Star Trek Beyond leaves the Enterprise in smoldering ruins

The Enterprise is left a smoldering ruin in the first 20 minutes of Star Trek Beyond... and so is the Star Trek franchise.

The Enterprise is left a smoldering ruin in the first 20 minutes of Star Trek Beyond… and so is the Star Trek franchise.

Amy and I watched the latest Star Trek film tonight on disk from Netflix. I can say that this is easily the worst Star Trek film ever. It may be one of the worst big budget films ever. That the Enterprise is completely destroyed in the first 20 minutes serves as the perfect metaphor for what J.J. Abrams is doing to this franchise: turning it into smoking ruins. Abrams directed and wrote (I think) the first two of the reboot films, and executive produced this one. The first film was good. The actors really pulled off the difficult task of stepping into the roles of such iconic characters. Abrams appeared to understand that Star Trek is first and foremost about those characters and their relationships. The second film continued to honor the characters, but it lost its footing with an implausible story and a really, really bad grasp of physics. But it is Citizen Kane compared with this new film, which fails in every area: Ridiculous plot. Absurd “science.” Plot written to serve the special effects. Special effects that aren’t very special (how can they be when the film is wall to wall effects?). And, worst of all, the actors begin to look like frauds pretending to be Spock, Kirk, Bones, Scotty, because the writers just don’t care about them as characters any more.

Here are some random gripes about this travesty:

  • The filmmakers rush from one outlandish and impossible stunt to another, conjuring up whatever pseudo-science they need to explain why they can do this, usually with a quick one-sentence explanation from Scotty. “He’s using the gravity slip stream…”
  • How the villain and his crew end up doing what they are doing makes no sense whatsoever. How they get the amazing technology to destroy star ships when they are stranded on a planet is gasp inducing, and not in a good way. That they even know about a super weapon that comes into possession of the Enterprise is unlikely at best. Why the villain keeps the crew of the Enterprise alive, when he’s intended to destroy millions of people is inexplicable, except to the extent that the writers needed them alive so Kirk, et. al. can rescue them.
  • How is it that the Enterprise is on a five-year mission to explore unknown space, but there is a giant Federation space station with millions of people on it at what they describe as the edge of the frontier?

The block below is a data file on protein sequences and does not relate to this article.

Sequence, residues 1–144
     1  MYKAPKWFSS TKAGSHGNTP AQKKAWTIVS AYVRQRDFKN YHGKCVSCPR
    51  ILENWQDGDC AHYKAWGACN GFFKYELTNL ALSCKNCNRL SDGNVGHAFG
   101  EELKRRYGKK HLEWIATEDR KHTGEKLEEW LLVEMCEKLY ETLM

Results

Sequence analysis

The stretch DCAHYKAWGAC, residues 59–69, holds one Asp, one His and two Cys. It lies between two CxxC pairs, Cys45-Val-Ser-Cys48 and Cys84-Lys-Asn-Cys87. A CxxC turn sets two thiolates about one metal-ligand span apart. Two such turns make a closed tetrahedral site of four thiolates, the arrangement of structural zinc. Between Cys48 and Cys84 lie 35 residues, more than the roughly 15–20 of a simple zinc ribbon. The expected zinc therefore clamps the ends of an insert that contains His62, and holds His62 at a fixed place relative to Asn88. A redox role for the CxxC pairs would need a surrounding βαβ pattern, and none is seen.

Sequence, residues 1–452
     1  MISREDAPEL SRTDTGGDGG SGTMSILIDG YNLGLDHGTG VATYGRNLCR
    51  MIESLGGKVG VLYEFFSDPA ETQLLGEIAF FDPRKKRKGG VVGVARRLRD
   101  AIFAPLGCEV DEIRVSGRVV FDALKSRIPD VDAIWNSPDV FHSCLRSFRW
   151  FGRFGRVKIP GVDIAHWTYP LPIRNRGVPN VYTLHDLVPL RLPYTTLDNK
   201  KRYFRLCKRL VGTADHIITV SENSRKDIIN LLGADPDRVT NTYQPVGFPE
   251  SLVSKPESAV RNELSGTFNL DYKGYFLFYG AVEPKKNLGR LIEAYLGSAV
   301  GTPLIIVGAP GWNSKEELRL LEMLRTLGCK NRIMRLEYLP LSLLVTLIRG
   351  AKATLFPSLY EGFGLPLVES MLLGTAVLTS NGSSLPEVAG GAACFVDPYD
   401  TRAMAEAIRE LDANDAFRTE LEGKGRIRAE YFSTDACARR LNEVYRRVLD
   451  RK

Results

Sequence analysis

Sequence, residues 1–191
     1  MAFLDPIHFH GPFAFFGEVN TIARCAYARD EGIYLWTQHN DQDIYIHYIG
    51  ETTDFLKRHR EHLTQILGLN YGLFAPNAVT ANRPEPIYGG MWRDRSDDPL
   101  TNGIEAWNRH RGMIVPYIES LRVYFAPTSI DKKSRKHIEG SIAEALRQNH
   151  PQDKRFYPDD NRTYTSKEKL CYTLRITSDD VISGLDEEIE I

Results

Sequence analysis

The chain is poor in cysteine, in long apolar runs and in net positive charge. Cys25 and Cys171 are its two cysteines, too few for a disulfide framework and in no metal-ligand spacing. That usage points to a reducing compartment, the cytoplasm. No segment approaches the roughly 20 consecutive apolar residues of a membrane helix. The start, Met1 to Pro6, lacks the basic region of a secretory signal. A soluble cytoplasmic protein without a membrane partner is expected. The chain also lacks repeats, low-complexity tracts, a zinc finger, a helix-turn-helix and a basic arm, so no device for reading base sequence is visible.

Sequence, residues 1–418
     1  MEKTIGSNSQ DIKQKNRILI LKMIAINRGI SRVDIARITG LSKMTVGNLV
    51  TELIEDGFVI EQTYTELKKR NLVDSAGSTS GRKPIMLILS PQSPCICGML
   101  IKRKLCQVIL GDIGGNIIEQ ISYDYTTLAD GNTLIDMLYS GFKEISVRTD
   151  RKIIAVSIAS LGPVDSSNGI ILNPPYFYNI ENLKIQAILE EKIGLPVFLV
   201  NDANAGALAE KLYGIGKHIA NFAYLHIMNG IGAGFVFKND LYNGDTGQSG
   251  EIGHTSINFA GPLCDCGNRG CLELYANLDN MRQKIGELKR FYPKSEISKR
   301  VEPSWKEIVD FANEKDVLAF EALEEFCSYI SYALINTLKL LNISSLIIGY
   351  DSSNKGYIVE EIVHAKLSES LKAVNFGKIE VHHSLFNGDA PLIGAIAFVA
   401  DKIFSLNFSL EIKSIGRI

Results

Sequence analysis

• It takes the crew longer to fly from one edge of this space station to the center than it did to fly from a distant planet within a nebula.
  • Seeing that nostalgic music worked for Guardians of the Galaxy, the filmmakers boldly incorporate that idea into this story. But the music sucks.
  • The writers dutifully make Scotty and Bones say things that Scotty and Bones are known for saying… i.e. “I’m a doctor not a…” and “Captain, I’m giving her all she’s got…” (or something close). But that’s no substitute for actually making these living, breathing characters.
  • Why there is a vintage motorcycle onboard a deep space, early star ship that has crash landed on the planet on which Kirk and crew are stranded is a head scratcher, but you know immediately that Kirk is going to ride it at some point. And when he did, I just felt another round of “lets create the stunts first, then we can shove a plot in there to fill in the cracks.”

I love Star Trek and these characters, but someone has got to rescue them from J. J. Abrams. Steven Spielberg, where are you when we need you?

Errol Flynn — the only true Robin Hood — was born today in 1909


Welcome to Sherwood, my lady.

That’s just one of the famous lines from The Adventures of Robin Hood, starring Errol Flynn, who was born today in 1909 in Hobart, Tasmania. Few actors could buckle a swash like Flynn. Though hard living in real life killed hill at age 50.

Since I took the name of the blog from that famous line, I’ll wish Errol Flynn a happy birthday in that Sherwood Forest in the sky.

The Revenant – my reactions

DiCaprio in The Revenant

[Revised version.]

I finally got to see The Revenant this weekend on a DVD disk from Netflix. There is much to admire about this movie. Great performances by Leonardo DiCaprio and Tom Hardy. Breathtaking imagery. And the scene in which DiCaprio’s character, Hugh Glass, is mauled by a grizzly bear is stunning filmmaking.